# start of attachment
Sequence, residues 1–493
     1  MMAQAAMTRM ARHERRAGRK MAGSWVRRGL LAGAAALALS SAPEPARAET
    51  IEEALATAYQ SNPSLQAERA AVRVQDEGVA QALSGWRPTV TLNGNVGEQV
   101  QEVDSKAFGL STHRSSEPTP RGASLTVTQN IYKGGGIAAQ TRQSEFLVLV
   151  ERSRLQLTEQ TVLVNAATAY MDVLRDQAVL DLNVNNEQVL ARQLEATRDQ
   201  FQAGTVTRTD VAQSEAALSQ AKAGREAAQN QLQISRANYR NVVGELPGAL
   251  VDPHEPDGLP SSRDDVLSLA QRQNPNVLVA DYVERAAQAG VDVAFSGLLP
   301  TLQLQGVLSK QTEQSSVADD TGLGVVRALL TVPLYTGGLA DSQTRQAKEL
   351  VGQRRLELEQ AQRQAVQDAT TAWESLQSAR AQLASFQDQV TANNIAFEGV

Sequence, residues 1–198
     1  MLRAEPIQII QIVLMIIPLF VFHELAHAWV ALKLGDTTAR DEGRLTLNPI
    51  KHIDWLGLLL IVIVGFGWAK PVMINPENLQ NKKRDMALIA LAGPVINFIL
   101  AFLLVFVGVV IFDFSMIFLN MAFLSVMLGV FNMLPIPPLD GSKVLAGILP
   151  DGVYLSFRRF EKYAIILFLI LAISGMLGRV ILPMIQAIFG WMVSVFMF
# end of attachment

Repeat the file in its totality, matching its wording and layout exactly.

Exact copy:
Sequence, residues 1–493
     1  MMAQAAMTRM ARHERRAGRK MAGSWVRRGL LAGAAALALS SAPEPARAET
    51  IEEALATAYQ SNPSLQAERA AVRVQDEGVA QALSGWRPTV TLNGNVGEQV
   101  QEVDSKAFGL STHRSSEPTP RGASLTVTQN IYKGGGIAAQ TRQSEFLVLV
   151  ERSRLQLTEQ TVLVNAATAY MDVLRDQAVL DLNVNNEQVL ARQLEATRDQ
   201  FQAGTVTRTD VAQSEAALSQ AKAGREAAQN QLQISRANYR NVVGELPGAL
   251  VDPHEPDGLP SSRDDVLSLA QRQNPNVLVA DYVERAAQAG VDVAFSGLLP
   301  TLQLQGVLSK QTEQSSVADD TGLGVVRALL TVPLYTGGLA DSQTRQAKEL
   351  VGQRRLELEQ AQRQAVQDAT TAWESLQSAR AQLASFQDQV TANNIAFEGV

Sequence, residues 1–198
     1  MLRAEPIQII QIVLMIIPLF VFHELAHAWV ALKLGDTTAR DEGRLTLNPI
    51  KHIDWLGLLL IVIVGFGWAK PVMINPENLQ NKKRDMALIA LAGPVINFIL
   101  AFLLVFVGVV IFDFSMIFLN MAFLSVMLGV FNMLPIPPLD GSKVLAGILP
   151  DGVYLSFRRF EKYAIILFLI LAISGMLGRV ILPMIQAIFG WMVSVFMF